CARACAS — Vice President Nicolas Maduro struck an optimistic tone Sunday for the second day in a row on President Hugo Chavez's recovery from cancer surgery in Cuba.
Mr. Maduro, speaking while touring a pediatric hospital, said Mr. Chavez is "consolidating a recovery process, which fills us with joy."
A day earlier, Mr. Maduro said he had received an update from a ruling party member who visited Mr. Chavez in Cuba and that the Venezuelan leader's "condition is becoming increasingly stable."
"Prayers are always in our mind in this battle for life that is consolidating itself day by day," Mr. Maduro said.
Mr. Chavez underwent surgery Dec. 11, about two months after being elected to another six-year presidential term. It was his fourth cancer-related operation since June 2011.
Bolivian President Evo Morales traveled to Cuba on Sunday morning, but there was no word on whether he visited his close ally Mr. Chavez.
Cuba's government-run newspaper Juventud Rebelde said Mr. Morales visited Havana "to express his support for Venezuelan President Hugo Chavez Frias."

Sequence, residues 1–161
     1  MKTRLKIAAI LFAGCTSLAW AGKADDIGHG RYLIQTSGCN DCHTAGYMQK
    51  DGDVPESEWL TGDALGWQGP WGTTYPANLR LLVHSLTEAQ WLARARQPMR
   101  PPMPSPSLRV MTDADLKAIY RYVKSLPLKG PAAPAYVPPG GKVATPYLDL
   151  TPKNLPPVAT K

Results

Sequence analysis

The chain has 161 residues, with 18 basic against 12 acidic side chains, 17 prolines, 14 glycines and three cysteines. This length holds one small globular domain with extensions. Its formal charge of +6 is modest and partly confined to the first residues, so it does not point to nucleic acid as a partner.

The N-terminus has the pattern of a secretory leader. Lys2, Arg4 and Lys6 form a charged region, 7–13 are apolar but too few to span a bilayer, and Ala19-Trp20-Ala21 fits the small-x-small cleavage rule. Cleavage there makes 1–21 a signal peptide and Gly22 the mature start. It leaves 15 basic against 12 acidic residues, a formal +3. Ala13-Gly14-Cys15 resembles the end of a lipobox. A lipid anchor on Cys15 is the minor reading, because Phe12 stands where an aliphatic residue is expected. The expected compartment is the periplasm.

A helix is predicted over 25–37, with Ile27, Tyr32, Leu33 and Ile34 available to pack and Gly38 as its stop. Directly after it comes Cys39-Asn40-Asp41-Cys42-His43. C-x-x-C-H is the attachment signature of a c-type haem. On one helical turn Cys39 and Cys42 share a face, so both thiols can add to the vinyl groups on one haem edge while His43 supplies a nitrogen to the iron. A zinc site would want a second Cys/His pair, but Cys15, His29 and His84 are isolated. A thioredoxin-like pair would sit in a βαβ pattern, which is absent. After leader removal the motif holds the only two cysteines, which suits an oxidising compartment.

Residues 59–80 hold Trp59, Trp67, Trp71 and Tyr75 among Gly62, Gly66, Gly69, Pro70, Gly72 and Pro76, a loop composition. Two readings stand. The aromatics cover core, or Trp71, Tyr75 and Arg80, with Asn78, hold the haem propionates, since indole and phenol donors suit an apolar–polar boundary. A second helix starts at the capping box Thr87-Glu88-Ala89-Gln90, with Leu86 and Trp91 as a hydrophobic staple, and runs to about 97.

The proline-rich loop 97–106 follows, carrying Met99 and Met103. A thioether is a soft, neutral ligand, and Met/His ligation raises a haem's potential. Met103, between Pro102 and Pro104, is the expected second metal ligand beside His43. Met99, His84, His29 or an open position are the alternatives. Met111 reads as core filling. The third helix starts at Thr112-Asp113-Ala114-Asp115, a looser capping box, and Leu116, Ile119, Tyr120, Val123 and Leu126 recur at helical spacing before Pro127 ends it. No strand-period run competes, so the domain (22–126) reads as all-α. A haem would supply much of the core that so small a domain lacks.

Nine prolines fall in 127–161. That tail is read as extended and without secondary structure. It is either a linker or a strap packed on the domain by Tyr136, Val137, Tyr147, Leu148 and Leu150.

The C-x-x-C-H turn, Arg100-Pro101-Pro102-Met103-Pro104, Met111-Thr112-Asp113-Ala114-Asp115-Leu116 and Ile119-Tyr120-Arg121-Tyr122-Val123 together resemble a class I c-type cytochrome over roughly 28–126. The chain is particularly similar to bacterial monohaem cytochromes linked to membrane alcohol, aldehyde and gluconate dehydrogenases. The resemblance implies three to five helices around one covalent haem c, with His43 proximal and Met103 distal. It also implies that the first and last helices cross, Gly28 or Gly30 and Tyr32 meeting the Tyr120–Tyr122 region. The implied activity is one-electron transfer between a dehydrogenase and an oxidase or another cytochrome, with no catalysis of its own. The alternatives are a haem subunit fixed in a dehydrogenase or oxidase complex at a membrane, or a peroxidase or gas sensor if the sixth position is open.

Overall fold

The Bolivian leader was greeted by Cuban President Raul Castro, and the newspaper published a photograph on its website showing the two leaders smiling.
Despite his optimistic tone, Mr. Maduro offered no hint about when Mr. Chavez might return to Venezuela.
Government leaders have warned Venezuelans that Mr. Chavez might not be back in time for his Jan. 10 inauguration, raising the prospect of a legal dispute about who should take over the presidency.
Authorities seize ton of drugs, arrest 7 in speedboat
SANTO DOMINGO — Authorities in the Dominican Republic have seized more than 2,200 pounds of cocaine and heroin and arrested seven people.
The director of the Caribbean country's National Drug Control Agency, Rolando Rosado, said the drugs were found Friday aboard a speedboat from South America.
Mr. Rosado said Saturday that four Dominicans and three Venezuelans were detained after they threw 30 of 47 drug packets into the sea.